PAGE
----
(An excerpt from Growing Up Levittown by Steve Bergsman)
A multitude of uniform, unidentifiable houses, lined up inflexibly, at uniform distances on uniform roads, in a treeless common waste, inhabited by people of the same class, the same incomes, the same age group, witnessing the same television performances, eating the same tasteless prefabricated food, from the same freezers, forming in every outward and inward respect to a common mold manufactured in the same central metropolis.
Mumford wrote those words in 1961. I was 12 years old at the time and in Levittown landscaping had already grown in and many homes remodeled. To me, every home appeared unique. My friend’s families were different; we drove different cars; our parents had different jobs; we ate different foods.
The food issue surfaced most dramatically one day when I was invited to eat lunch at my friend’s Tom T’s home right about my 11th or 12th year. His family was ethnic Italian and one afternoon after a morning of play, his mother whipped up a lunch meal of spaghetti noodles (now called pasta, but who knew the word back then) covered in butter and cheese. I couldn’t eat it. The look of the butter melting over the noodles, the redolence of the cheeses appalled my senses. Up until that point in my young life, my entire experience with Italian food, other than pizza, was spaghetti, which was only to be covered by tomato sauce.
Now, my mother wasn’t a great cook. Dinner most every night consisted of a meat dish, potatoes and canned vegetables, all of which was followed by a dessert of canned fruit. However, she was a good baker and would make such delicacies as hamantaschen. These dessert treats usually held sweet prune fillings that came from a spread called lekvar. Sometimes as a real treat for me, she would cook up a bowl of egg noodles and put the lekvar over it, which I just loved. The dish didn’t seem weird, because my mom also used to make a wonderful noodle koogle (kugle), sweetened by fruits and fruit juice.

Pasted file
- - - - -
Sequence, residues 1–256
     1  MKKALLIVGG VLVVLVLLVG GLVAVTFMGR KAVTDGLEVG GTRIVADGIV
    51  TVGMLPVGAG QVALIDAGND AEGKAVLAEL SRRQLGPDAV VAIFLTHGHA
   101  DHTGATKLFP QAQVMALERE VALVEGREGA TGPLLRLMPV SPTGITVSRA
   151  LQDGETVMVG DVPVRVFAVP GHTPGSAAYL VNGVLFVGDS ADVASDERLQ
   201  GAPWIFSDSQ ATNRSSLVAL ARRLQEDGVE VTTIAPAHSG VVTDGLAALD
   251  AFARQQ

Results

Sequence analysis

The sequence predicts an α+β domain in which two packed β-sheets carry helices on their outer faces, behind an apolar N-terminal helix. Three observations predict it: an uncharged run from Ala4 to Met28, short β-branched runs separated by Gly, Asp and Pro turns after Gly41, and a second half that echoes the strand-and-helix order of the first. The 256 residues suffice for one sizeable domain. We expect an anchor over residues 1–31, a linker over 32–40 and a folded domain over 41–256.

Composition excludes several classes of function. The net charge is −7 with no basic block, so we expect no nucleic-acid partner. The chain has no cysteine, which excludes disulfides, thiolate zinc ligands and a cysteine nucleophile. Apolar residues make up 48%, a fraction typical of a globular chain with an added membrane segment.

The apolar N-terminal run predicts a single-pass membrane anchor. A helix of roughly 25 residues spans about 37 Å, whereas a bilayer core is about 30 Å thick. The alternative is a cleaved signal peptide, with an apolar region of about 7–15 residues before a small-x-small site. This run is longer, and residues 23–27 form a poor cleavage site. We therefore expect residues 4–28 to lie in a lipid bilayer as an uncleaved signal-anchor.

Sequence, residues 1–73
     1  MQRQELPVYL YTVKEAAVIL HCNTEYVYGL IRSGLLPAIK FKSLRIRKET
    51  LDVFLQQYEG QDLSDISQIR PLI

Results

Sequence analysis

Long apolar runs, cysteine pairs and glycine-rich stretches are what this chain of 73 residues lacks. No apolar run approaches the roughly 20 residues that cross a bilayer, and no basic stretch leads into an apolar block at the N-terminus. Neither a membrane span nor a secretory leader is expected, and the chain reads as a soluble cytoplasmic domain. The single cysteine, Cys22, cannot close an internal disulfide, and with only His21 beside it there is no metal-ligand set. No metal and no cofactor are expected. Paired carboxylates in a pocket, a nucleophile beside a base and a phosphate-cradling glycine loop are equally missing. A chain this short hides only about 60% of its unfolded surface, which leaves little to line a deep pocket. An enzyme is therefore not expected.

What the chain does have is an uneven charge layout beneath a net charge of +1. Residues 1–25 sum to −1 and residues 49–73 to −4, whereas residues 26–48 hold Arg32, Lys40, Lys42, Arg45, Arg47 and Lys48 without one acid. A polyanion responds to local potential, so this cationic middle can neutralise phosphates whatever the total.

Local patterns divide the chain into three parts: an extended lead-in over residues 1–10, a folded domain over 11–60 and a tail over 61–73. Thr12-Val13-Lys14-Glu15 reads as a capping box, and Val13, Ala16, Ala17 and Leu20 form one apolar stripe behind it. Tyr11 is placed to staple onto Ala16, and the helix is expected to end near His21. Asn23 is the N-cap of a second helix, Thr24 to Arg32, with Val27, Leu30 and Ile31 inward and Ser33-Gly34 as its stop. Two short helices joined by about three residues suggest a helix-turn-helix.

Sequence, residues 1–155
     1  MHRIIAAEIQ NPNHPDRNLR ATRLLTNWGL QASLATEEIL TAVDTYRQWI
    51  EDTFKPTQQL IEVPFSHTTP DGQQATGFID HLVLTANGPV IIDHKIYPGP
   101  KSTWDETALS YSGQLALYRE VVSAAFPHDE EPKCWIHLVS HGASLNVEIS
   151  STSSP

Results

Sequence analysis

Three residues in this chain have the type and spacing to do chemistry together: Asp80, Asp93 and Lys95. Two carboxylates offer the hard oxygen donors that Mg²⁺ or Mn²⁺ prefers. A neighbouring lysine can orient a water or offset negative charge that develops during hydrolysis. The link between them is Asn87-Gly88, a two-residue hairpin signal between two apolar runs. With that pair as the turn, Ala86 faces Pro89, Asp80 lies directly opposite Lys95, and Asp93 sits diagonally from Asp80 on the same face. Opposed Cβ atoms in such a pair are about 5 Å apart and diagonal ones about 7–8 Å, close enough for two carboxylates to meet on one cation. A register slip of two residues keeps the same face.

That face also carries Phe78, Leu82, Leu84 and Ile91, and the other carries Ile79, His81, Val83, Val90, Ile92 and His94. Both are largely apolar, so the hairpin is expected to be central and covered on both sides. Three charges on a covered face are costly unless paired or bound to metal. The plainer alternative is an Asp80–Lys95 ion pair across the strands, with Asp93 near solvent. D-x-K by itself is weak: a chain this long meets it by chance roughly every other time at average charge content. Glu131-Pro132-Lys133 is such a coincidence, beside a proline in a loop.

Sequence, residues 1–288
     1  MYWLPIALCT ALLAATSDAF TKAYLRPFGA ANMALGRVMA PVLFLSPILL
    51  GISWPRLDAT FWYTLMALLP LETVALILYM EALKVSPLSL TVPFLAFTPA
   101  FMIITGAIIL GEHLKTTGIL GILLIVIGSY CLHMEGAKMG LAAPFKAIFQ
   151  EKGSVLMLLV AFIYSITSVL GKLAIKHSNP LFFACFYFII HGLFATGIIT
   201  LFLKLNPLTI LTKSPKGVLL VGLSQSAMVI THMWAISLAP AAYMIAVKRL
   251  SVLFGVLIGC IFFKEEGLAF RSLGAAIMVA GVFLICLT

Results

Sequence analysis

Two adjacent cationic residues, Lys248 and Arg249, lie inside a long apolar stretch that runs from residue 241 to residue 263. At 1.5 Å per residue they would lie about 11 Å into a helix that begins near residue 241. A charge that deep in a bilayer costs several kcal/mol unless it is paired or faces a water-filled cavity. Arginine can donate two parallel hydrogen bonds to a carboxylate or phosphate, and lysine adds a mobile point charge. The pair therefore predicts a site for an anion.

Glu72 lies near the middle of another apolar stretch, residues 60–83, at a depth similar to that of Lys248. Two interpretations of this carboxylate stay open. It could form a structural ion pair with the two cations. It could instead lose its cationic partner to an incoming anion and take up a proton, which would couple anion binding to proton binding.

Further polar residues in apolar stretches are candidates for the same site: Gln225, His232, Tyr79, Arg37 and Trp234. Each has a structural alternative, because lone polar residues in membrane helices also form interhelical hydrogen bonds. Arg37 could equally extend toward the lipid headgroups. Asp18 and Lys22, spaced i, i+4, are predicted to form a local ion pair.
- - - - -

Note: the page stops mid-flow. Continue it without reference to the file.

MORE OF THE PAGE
So there I was at my friend’s house, staring down at my pasta, which I couldn’t eat. My friend’s mother realized something was wrong and asked how I usually ate spaghetti, other than with tomato sauce. The only thing I could think of was the noodles and the lekvar, but somehow my mumbling response was muddled and my friend’s mother gave me a fresh plate of pasta and grape jelly to put over it. With everyone in my friend’s family staring at me, I felt boxed in. Reluctantly, I put the jelly on the pasta and ate it, thus becoming an instant urban legend: the crazed child who put jam on his spaghetti thus offending every Italian on Long Island.